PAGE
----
Has there finally been progress in treating schizophrenia?
For decades there has been almost no improvement in the medical treatment of schizophrenia, one of the most serious and devastating of all mental illnesses, but recent advances have raised hopes of progress.
The condition often only hits the headlines after violent attacks by sufferers, such as a schizophrenic patient who stabbed a nurse to death last week in the French city of Reims.
But French psychiatrist Sonia Dollfus emphasized that such cases of violence by people with schizophrenia are "extremely rare".
"All the work done over the years trying to de-stigmatize this disease—it is swept away in 24 hours," Dollfus told AFP.
Around one in every 300 people worldwide are affected by schizophrenia, according to the World Health Organization.
It causes a wide range of distressing delusional disorders, which vary in intensity between patients but often hugely disrupts their lives.
At least five percent of schizophrenia patients are estimated to die by suicide.
The condition is usually treated with a combination of anti-psychotic drugs, social support for reintegration, and psychological therapy.
Scottish psychiatrist Robin Murray, who has spent decades researching schizophrenia, told AFP that when it came to medication, "treatment has not changed dramatically" over the last 20 or 30 years.
He added that psychological therapy had improved in that time.
But unlike numerous other mental disorders—particularly neurotic conditions—taking serious drugs remains the cornerstone in treating schizophrenia.
For drugs, there has been a "blank period since the 2010s, when pharmaceutical laboratories really withdrew from psychiatry," Dollfus said.
But there has been some innovation recently, she added.
One development have been apps that can track patients' progress, ensure timely follow-up sessions and contact psychiatrists if necessary.
Another is a new treatment approved by the US Food and Drug Administration last month.
The treatment, developed by the Israeli pharmaceutical firm Teva and France's MedinCell, involves the drug risperidone which has long been used for schizophrenia.
It has traditionally been prescribed as a daily pill, but the new treatment is administered via injection, allowing the drug to be gradually released in the body over several weeks.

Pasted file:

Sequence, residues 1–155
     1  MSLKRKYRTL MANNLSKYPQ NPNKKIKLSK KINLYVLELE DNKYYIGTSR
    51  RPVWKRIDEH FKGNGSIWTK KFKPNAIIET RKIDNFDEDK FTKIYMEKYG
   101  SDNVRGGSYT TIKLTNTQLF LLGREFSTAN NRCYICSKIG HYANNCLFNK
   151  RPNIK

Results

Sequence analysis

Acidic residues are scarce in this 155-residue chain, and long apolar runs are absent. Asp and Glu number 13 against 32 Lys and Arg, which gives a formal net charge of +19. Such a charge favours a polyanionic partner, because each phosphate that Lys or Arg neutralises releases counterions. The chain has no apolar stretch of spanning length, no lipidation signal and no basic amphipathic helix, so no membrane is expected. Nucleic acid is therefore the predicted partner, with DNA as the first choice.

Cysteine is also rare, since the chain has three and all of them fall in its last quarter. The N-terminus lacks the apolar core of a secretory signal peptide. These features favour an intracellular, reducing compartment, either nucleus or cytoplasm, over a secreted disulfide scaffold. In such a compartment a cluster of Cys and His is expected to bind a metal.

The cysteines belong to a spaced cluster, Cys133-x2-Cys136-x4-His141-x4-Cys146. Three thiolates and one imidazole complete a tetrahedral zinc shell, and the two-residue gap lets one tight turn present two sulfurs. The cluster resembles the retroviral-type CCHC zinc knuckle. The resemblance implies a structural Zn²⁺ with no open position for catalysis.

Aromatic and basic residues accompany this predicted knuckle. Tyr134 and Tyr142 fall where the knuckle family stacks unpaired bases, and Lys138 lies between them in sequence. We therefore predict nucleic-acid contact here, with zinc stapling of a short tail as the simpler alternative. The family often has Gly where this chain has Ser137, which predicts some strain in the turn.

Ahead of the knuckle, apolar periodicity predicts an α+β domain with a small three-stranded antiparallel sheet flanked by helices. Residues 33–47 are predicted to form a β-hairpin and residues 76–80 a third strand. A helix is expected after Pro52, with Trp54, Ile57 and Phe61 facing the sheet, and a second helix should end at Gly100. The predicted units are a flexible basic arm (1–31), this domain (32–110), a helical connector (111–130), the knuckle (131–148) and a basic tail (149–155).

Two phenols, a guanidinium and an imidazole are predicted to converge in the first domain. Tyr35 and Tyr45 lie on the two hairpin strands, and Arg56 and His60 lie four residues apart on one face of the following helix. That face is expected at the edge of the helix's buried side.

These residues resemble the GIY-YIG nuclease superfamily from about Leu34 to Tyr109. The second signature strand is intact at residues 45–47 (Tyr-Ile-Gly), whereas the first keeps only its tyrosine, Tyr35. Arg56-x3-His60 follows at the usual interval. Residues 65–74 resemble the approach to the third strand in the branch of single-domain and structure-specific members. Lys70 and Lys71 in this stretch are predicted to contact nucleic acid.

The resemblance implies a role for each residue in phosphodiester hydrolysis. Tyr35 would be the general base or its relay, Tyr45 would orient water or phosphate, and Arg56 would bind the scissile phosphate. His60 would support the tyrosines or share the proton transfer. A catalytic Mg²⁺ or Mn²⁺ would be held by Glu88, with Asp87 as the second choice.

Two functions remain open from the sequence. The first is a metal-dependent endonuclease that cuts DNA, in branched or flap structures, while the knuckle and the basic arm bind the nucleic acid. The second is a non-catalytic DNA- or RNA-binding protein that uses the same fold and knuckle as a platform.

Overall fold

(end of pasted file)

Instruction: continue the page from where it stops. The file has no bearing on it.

This makes it impossible for patients to miss a daily pill.
Interruptions to medication, often brought about by the psychosis the illness causes, are a common problem in treating schizophrenia.
For example, the attacker in Reims had been off his medication, according to several sources.
This new way of administering an old medication is not the kind of revolution that a new drug would represent. But progress may soon be made in that area.
Dollfus said that some drugs currently being investigated are "really interesting" because they work in a different way than those of the past.
Traditionally, anti-psychotic drugs used to treat schizophrenia aim to block the action of dopamine, a molecule that acts as a chemical messenger in the brain.
However, dopamine seems to play a complex role in schizophrenia—some patients can have excessive levels in some respects and insufficient levels in others.
Traditional anti-psychotic drugs, which tend to work well at stopping certain symptoms such as hallucinations, do not help in other areas, such as the loss of willpower or struggles with language and speech.
Recent research has focused on finding other molecules which regulate rather than block dopamine, while also acting on other areas thought to be involved in schizophrenia.
These treatments, such as one that targets a protein called TAAR1, are still some way away from being available to patients.
But the TAAR1 drug has had positive results from the most advanced stage of trials, known as phase 3.
"This is a really promising avenue," Dollfus said.
© 2023 AFP